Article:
Army surplus sales after World War Two, UK
From 1945 onwards, i.e. at the end of the Second World War, the UK government sold off vast quantities of war equipment at public auction presumably to make money and to satisfy the public hunger for goods that had been in short supply during the war. These items were sold at crazy prices, well below the cost of manufacture, and then sold on to regular shops. This page gives the flavour of their enormous range and quantity and how the public made use of them. In particular, the readily available and cheap electronic parts were intriguing to many a young person and were the beginning of life-long practical interests in all things electronic. The page concludes with one particular surplus item which certainly could not be sold on - bombs!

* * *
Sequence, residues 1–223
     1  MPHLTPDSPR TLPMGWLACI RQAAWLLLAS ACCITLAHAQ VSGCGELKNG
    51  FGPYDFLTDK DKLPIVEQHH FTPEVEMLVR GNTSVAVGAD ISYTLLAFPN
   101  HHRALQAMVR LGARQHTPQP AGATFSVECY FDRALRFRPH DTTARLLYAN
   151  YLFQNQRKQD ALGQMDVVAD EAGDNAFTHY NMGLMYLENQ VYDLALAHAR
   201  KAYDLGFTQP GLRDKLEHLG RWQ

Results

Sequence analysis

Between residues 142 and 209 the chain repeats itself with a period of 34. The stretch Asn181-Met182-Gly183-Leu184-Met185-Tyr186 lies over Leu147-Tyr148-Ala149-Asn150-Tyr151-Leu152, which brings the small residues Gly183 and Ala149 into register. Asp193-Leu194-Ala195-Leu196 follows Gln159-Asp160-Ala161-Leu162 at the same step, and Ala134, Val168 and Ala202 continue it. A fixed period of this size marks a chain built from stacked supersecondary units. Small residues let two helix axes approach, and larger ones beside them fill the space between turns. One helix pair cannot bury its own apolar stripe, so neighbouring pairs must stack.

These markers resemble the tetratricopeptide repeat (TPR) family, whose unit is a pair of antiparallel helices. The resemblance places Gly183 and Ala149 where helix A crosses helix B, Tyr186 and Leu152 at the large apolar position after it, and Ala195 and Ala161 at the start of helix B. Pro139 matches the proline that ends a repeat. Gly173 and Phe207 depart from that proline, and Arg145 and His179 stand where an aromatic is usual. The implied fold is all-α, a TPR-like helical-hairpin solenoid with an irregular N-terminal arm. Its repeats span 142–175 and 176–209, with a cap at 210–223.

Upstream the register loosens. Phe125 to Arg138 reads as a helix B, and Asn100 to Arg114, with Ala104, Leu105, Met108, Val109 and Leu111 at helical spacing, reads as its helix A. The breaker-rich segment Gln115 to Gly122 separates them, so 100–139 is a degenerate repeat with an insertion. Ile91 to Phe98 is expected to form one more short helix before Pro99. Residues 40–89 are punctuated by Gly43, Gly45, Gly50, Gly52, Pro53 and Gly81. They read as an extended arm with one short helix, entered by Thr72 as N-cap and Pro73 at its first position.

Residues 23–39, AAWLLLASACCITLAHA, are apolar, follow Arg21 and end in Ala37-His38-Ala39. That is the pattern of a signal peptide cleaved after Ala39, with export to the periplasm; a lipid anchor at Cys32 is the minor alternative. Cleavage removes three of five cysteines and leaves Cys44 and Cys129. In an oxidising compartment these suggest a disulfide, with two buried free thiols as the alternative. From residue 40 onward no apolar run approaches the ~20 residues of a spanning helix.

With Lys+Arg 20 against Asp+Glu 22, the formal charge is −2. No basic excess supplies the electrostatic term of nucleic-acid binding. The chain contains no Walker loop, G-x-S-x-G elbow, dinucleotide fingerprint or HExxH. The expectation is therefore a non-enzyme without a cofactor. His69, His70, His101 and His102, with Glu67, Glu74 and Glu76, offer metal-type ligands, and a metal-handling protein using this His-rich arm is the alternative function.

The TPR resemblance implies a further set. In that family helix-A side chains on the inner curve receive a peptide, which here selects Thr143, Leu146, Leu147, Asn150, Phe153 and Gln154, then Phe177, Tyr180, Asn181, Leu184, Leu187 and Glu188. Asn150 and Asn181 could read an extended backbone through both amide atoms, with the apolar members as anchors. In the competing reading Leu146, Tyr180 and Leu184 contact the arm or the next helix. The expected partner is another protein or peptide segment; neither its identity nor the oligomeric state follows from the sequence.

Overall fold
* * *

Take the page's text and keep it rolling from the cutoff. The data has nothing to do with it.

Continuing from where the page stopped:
The cheap electronic components
Shops selling radio and electronics surplus
I was particularly interested in radio and electronics, and Government Surplus shops like HL Smith, Henry's Radio and Laskey's sold such items cheaply. They were in Lisle Street Soho and Praed Street off the Edgware Road. - a long cycle ride for me, but worth it!
Typical sought-after electronic components
One of the most sought after items was the R1155 communications receiver. If you had the money, a brand new boxed receiver could be had for £7.19.6, a small fortune in those days. These were used by the growing amateur radio fraternity with slight modifications.
The R1155 communication receiver
During the war, the R1155 communication receiver was used mainly in RAF aircraft and some boats but never in tanks. Tanks mainly used the '19 set' which was also found piled to the ceiling in Lisle street shops!
One amplifier in particular was the 'Williamson' amplifier first reaching the public in 1947 by D.T.N Williamson. Its design became a standard for the 'Hi-Fi' DIY enthusiasts of the 1940s and 50s, and its concepts are still relevant as I write in 2014.
Oscilloscope made using a VCR97 display tube from an 'Indicator Unit'